Arcade Fire Throws A Party With "Reflektor"
For well over a decade Arcade Fire have been winning over fans and hearts with their mixture of somber and uplifting music. They also won themselves a few awards in the process, including the prestigious Album of the Year at the 53rd Grammys for their beautiful tale of lost and unfound childhood known as The Suburbs. It's far time for the Canadian band to truly let their hair down, and invite everyone to a massive celebration.
And the invitation to that shindig lies in their latest album Reflektor.
With some assistance from James Murphy (ex-LCD Soundsystem founder) Arcade Fire captures the spirit of Studio 54, with more emphasis on groovy beats and less on the coke binges. The album's title track blasts its listeners with lasers and glitter, as the themes of their previous album fall away from the darkness. When Win Butler croons "We fell in love when I was 19, and now we're staring at a screen," he quickly runs away from his troubled past and into a world of color. (It also helps that David Bowie is right there to welcome him with arms wide open.)
The two-parter "Here Comes The Night Time" starts off with a massive calypso of Cuban-inspired vibes and booze-fueled illusions, with the darkness washing away any troubles they may find in the world surrounding them. "God knows what you may find," they say in the first part, but during the second half the band becomes unassured by the answers their prayers were hoping to discovered. It's a party that comes crashing down, with a dazed and confused hangover that's the least of their troubles.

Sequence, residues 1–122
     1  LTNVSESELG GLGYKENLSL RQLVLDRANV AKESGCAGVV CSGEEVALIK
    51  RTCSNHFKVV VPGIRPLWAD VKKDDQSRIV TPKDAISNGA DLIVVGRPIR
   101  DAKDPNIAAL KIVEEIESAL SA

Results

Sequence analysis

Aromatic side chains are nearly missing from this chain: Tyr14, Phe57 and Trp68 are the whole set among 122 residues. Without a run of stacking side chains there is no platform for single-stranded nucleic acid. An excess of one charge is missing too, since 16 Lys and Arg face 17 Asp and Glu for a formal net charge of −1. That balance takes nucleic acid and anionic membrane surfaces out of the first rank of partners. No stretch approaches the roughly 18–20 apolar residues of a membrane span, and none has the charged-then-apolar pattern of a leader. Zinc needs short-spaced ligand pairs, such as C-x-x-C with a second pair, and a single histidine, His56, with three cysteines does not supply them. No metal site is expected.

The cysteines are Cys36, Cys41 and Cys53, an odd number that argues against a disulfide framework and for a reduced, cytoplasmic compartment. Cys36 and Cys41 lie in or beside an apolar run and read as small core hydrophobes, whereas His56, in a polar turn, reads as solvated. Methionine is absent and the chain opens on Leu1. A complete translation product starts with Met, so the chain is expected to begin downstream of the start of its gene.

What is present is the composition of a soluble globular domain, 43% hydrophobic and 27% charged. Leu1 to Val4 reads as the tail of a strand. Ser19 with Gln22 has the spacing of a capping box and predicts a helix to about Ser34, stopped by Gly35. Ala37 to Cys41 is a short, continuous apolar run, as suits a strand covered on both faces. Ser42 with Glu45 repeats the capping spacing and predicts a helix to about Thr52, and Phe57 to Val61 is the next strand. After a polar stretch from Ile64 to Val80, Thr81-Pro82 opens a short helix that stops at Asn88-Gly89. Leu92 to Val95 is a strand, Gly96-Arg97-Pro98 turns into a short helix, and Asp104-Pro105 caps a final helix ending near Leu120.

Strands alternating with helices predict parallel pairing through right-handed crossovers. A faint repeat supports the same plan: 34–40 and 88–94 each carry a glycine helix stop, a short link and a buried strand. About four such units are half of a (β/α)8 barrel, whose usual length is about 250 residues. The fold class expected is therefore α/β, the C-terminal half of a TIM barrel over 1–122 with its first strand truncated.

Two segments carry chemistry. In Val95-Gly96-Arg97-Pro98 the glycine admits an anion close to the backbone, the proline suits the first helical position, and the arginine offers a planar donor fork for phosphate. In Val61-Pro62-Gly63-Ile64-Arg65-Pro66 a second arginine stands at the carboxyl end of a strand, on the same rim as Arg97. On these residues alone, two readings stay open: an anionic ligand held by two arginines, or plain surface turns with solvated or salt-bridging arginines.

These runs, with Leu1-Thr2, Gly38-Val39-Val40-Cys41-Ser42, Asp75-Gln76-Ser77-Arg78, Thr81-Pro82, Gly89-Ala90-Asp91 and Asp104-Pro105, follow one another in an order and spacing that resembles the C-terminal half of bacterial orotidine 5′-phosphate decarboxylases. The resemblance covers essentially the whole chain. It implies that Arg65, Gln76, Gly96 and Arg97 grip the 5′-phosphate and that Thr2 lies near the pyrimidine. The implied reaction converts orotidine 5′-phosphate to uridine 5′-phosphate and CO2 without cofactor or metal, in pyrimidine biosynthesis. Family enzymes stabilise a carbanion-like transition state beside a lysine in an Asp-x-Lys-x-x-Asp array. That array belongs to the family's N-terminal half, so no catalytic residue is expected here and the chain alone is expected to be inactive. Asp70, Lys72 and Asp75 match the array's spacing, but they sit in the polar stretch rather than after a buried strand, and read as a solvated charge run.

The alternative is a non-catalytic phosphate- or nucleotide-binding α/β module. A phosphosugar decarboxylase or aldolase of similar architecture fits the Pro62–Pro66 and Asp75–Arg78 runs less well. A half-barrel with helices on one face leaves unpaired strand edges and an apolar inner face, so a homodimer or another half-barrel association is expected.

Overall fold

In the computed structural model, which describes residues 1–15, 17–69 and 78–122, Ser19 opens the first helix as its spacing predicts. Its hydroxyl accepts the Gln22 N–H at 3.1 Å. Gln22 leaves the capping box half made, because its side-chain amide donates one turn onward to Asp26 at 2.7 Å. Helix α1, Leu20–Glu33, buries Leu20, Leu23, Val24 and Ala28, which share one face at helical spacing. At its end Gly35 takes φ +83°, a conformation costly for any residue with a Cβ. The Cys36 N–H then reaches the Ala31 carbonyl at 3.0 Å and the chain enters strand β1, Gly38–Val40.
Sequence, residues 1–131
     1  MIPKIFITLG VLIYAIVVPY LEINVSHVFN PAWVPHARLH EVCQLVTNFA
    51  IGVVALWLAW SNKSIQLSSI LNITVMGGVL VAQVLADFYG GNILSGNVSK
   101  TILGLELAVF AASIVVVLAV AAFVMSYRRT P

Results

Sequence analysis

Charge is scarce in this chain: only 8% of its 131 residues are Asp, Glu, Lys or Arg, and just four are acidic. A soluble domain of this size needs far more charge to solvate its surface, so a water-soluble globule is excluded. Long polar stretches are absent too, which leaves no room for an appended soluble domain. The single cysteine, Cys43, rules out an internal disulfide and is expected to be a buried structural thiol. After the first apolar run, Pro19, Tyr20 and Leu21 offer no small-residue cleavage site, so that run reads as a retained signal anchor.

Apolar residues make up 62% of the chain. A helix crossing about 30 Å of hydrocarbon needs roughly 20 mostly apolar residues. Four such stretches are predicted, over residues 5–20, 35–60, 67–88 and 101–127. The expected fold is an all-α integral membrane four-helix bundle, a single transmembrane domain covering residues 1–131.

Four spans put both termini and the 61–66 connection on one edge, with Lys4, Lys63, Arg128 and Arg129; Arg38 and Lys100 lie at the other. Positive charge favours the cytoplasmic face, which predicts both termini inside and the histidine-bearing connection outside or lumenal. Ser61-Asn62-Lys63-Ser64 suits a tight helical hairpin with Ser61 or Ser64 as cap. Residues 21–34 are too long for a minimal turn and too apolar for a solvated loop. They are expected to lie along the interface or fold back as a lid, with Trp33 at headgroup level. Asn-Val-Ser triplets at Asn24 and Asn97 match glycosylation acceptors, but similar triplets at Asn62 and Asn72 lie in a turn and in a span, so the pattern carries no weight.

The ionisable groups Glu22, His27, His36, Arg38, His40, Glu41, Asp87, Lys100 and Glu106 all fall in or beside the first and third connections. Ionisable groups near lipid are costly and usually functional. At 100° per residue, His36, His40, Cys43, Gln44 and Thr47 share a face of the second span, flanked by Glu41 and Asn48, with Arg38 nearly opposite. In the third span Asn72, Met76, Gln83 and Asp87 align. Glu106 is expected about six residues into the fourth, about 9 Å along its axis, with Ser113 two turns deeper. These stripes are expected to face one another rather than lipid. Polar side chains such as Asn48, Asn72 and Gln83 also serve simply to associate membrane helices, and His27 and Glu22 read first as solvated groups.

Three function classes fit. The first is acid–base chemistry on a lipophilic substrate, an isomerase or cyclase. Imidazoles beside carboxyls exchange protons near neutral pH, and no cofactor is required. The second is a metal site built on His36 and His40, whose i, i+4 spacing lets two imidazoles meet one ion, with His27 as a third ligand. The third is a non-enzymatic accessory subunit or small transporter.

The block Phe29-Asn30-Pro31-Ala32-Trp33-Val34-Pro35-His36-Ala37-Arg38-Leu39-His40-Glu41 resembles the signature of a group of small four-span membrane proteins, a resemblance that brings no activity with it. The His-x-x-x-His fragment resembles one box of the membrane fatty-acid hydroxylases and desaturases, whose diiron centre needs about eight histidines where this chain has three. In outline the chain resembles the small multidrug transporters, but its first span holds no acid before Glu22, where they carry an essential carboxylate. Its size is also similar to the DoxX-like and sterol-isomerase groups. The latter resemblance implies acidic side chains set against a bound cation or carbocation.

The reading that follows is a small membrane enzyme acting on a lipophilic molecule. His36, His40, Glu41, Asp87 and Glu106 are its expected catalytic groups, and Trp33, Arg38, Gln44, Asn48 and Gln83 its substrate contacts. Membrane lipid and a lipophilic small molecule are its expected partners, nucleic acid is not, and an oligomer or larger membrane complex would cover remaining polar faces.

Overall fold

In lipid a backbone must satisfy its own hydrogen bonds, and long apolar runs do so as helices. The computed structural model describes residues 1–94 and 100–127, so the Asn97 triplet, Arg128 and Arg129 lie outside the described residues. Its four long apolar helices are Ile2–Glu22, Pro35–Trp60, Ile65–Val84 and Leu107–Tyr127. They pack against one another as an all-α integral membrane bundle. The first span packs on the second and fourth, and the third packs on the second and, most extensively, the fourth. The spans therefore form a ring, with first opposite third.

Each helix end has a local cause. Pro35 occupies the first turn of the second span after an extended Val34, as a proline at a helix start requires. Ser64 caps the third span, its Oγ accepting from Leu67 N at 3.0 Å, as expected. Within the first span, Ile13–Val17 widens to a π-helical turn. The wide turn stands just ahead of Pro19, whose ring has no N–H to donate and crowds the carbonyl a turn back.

The highlight of the album comes in the form of "Normal Person," where the band revels on the fact that normality is the least fun and interesting thing in the world. They shake off this false concept, with each slammed piano key used to exorcise this demon bore from its listeners' bodies. It's the type of song that's needed to flush yourself out of a bad funk and sink your teeth into a good one.
I'm not exactly sure how the real-life heroine would've felt about "Joan of Arc." Perhaps she may be flattered that these Canadians would pay tribute to her with such a head-bobbing melody, although a part of me thinks that she would decry witchcraft upon the sound that would come from the band. Then again, it could've helped escaped her fiery fate in the long run if she heard how it would go down in the end.
Then there are the homages to Greek myth of Eurydice and Orpheus. The first, "Awful Sound," laments on Eurydice being lost to the world, with Orpheus left heartbroken but determined to get her back. Hope appears in "It's Never Over," but those who may recall from their English classes know that the hope quickly vanishes by the literal turn of the head. Both tracks play up the myths well, capturing the mood of lost love and impatient faith.
In the end Reflektor is another kind of musical monster unleashed by Arcade Fire. It's musically different from their first three albums, but mood-wise it has the similar spirit. Win Butler and company may have given us another reason to look back at our past selves, only this time the answer is to raise a toast to it instead of lamenting on what was not accomplished. Leave life's worriments at the front door, and walk inside to the sight of flying streamers and falling balloons. After all, even during the bleakest of times there's always a reason to party.